By Ben Smith, Catholic Outlook, June 2016
When I heard the title of the Pope’s latest apostolic exhortation, Amoris Laetitia, I automatically thought of Dean Martin’s famous song, That’s Amore. This song from the 1953 movie The Caddy became one of his major hits and signature songs.
In this movie, Dean sings That’s Amore at the request of his mother and father during a large Italian family dinner celebration. The upbeat lyrics and catchy tune encourage family members, young and old, to get up and dance together.
For me, this scene captures the joyful family love that Pope Francis, in Amoris Laetitia, is calling members of the Church to rediscover and radiate.
A lot has changed in our society and our families since 1953. Some of these changes have been positive. However, over the past 50 years the secular understanding of marriage and the role of the family has been diverging from the Church’s understanding and the degree of this divergence is accelerating at our present moment in history.
Amoris Laetitia is the fruit of a three-year global discernment process on the challenges facing the family. This process has involved two worldwide consultations of the faithful, two meetings of groups of bishops in Rome, hours of discussion and debate and, finally, the publication of Amoris Laetitia.
Pope Francis’ approach in this document as indicated in paragraph 38, mirrors “the preaching and attitudes of Jesus, who set forth a demanding ideal [on marriage] yet never failed to show compassion and closeness to the frailty of individuals like the Samaritan woman [at the well] or the woman caught in adultery.”
Amoris Laetitia is full of practical wisdom on marriage and family life. A number of commentators have noted that the writing style makes the reader feel that the Pope is sitting at the family dinner table, sharing his wisdom and pastoral experience in a language that is accessible to people who aren’t trained in theology.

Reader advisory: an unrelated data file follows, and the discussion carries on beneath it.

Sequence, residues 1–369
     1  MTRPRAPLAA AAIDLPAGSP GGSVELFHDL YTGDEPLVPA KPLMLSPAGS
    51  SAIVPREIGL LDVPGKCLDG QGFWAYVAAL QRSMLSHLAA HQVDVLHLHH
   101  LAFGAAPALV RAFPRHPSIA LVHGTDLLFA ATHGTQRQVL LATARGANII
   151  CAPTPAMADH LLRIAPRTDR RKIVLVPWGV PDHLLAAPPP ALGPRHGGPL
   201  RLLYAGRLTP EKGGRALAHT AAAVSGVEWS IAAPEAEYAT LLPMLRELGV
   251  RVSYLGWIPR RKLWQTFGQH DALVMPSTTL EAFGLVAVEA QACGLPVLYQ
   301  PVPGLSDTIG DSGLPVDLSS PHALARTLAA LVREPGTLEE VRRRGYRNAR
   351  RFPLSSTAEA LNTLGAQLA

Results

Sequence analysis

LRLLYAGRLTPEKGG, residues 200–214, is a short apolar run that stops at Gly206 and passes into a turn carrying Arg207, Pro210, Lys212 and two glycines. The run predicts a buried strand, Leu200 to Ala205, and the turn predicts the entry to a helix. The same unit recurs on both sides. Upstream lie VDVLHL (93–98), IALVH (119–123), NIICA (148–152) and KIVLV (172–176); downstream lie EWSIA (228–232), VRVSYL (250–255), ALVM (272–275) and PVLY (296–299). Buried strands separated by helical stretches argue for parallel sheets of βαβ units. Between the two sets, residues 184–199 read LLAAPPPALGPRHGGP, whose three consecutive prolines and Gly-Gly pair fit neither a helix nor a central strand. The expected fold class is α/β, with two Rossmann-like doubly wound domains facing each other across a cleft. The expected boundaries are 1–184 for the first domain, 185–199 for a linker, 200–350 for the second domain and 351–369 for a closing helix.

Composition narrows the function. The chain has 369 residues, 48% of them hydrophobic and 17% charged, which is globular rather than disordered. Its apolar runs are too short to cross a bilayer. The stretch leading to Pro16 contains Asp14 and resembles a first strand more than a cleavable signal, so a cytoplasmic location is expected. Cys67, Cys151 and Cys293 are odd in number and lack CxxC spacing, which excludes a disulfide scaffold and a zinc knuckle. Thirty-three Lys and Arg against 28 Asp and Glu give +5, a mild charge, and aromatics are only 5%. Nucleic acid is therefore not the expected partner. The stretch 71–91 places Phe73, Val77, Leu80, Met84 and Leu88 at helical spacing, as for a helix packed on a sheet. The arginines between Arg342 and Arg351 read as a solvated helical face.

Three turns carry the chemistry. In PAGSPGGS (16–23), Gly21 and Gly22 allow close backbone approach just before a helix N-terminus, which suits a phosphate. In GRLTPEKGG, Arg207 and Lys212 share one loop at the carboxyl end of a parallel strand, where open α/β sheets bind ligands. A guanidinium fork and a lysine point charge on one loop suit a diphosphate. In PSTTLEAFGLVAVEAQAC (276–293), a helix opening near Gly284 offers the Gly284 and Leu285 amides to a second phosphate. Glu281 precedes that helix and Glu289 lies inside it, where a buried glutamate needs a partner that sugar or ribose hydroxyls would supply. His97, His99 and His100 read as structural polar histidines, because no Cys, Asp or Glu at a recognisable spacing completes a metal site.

In Chapter 3, Pope Francis challenges people to rediscover marriage and family life as a vocation in which the love that flows in the family is an image of the Holy Trinity.
The longest chapter, Chapter 4, is a reflection on the nature of love as taught by St Paul in 1 Corinthians 13, applied to the practical circumstance of married couples called to live conjugal love.
The fruitfulness of conjugal love that flows into the gift of children and the broader connections with the extended family is covered in Chapter 5. Chapter 7 looks at the role of parents as primary educators of their children.
The place of prayer and spirituality in family life is discussed in Chapter 9. Chapter 6 examines approaches to marriage preparation and support needed by couples in their early years of marriage.
Pastoral approaches for people in challenging life circumstances, such as the divorced and remarried, are the focus of Chapter 8.
These pastoral issues are not just a concern for priests. The way we as a whole Christian community respond to the challenges of our own members is critical.
Pope Francis reaffirms the importance of accompanying people who are struggling. He highlights in paragraph 299 that “the baptised who are divorced and civilly remarried need to be more fully integrated into Christian communities in the variety of ways possible, while avoiding any occasion of scandal.”
Amoris Laetitia is worth reading patiently over a few weeks. It is a beacon of hope for all of us on our journey towards the wedding banquet of heaven.
To contact the Diocese of Parramatta’s Family & Life Office, send an email to firstname.lastname@example.org
Ben Smith is Director of the Family & Life Office in the Diocese of Parramatta.